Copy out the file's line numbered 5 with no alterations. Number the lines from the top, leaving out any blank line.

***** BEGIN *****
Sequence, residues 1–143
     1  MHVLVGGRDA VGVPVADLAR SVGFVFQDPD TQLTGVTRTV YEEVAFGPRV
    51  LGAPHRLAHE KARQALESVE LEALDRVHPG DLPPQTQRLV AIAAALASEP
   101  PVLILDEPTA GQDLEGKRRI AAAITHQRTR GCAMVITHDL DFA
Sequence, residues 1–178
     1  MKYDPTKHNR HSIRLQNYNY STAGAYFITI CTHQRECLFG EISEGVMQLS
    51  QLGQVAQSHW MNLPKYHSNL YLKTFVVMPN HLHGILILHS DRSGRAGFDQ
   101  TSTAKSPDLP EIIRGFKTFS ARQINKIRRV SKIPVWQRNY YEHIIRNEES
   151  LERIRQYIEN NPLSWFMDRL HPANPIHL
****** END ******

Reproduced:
Sequence, residues 1–178